The first printing is available as a series of "Designer Editions". Each edition will be bound in a fabric from one of six designers in the book and comes in a plexiglass box. The time-honored "Paisley" was Veronica Etro's pick for the "Etro Edition", limited to just 2,000 copies. From Azzedine Alaia, Cristobal Balenciaga, and Coco Chanel, to Alexander McQueen, Yves Saint Laurent, and Vivienne Westwood, the greatest fashion designers of the 20th and 21st centuries are featured in the permanent collection of The Museum at the Fashion Institute of Technology. The curators of America's premier fashion museum have selected 500 masterpieces of the art of fashion, providing a visual guide to the history of fashion. Known for its innovative and award-winning exhibitions and its outstanding permanent collection of more than 50,000 garments and accessories, The Museum at FIT in New York City is one of only a handful of museums in the world devoted to the art of fashion. The Museum has built its collection around aesthetically and historically significant "directional" fashion-the kind of clothing and accessories that move fashion forward. The designers are organized from A-Z: Adrian, Balenciaga, Chanel, Dior...through Xuly Bet, Yamamoto, and Zoran. Photographs of selected garments from the Museum's permanent collection illuminate each of the featured designers, while curatorial texts explain why each designer is important in fashion history and what is special about the individual pieces featured. In addition to showcasing 100 of the most important designers of the last century with essays by the curators at FIT and a foreword by Suzy Menkes, this book also explores how a fashion museum goes about collecting and exhibiting fashion. In her introductory essay, director and chief curator Valerie Steele writes about the rise of the fashion museum, and the emergence of the fashion exhibition as a popular and controversial phenomenon. "Paisley": it's practically synonymous with the Etro name, and the five "Paisley" motifs selected by Veronica Etro for this edition are no exception. For decades the company has explored and reinterpreted the classic droplet-shaped vegetable decoration, rich in history and meanings, through experimentation and technology, drawing from the past into the present with timeless international style. Six designers - Akris, Etro, Stella McCartney, Missoni, Prada, and Diane von Furstenberg - have contributed fabrics - bold, iconic, revolutionary - to cover 1,000 to 2,000 books each, for a total first printing of 11,000 copies. Crafted by hand at a bindery in the heart of Italy, and stamped with a unique number, every copy is an instant classic, and an addition to your fashion library that is truly one-of-a-kind.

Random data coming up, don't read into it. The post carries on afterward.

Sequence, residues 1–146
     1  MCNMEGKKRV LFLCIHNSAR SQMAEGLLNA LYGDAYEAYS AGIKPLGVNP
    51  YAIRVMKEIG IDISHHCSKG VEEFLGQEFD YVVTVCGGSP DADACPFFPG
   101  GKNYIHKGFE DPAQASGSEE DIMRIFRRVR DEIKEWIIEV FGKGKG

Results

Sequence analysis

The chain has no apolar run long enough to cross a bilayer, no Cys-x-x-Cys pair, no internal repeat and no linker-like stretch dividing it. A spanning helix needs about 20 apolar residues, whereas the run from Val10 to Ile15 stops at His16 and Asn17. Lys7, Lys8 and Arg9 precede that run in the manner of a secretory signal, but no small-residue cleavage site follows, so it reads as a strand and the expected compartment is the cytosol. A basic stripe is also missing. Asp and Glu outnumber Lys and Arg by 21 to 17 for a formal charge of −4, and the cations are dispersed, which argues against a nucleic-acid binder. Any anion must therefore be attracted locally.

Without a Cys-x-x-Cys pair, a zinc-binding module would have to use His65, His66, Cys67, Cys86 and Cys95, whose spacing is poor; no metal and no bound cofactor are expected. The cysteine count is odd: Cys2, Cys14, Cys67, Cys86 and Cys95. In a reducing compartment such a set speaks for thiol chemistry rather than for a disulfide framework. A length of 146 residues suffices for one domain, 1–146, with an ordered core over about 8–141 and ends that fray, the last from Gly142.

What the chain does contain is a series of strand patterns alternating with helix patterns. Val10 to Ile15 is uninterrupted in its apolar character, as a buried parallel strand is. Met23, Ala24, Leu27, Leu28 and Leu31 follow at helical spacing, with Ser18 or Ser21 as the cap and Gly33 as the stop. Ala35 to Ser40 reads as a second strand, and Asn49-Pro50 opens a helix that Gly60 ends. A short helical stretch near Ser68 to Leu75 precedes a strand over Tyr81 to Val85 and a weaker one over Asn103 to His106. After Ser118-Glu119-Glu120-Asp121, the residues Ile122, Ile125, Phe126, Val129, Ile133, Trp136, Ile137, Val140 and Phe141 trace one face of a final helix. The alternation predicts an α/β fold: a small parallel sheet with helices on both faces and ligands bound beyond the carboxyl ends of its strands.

Interweaving nuanced discussions of politics, visuality, and gender, Gender and Activism in a Little Magazine uncovers the complex ways that gender figures into the graphic satire created by artists for the New York City-based socialist journal, the Masses. This exceptional magazine was published between 1911 and 1917, during an unusually radical decade in American history, and featured cartoons drawn by artists of the Ashcan School and others, addressing questions of politics, gender, labor and class. Rather than viewing art from the Masses primarily in terms of its critical social stances or aesthetic choices, however, this study uses these images to open up new ways of understanding the complexity of early 20th-century viewpoints. By focusing on the activist images found in the Masses and studying their unique perspective on American modernity, Rachel Schreiber also returns these often-ignored images to their rightful place in the scholarship on American modernism. This book demonstrates that the centrality of the Masses artists' commitments to gender and class equality is itself a characterization of the importance of these issues for American moderns. Despite their alarmingly regular reliance on gender stereotypesÃ¢"and regardless of any assessment of the efficacy of the artists' activismÃ¢"the graphic satire of the Masses offers invaluable insights into the workings of gender and the role of images in activist practices at the beginning of the last century.
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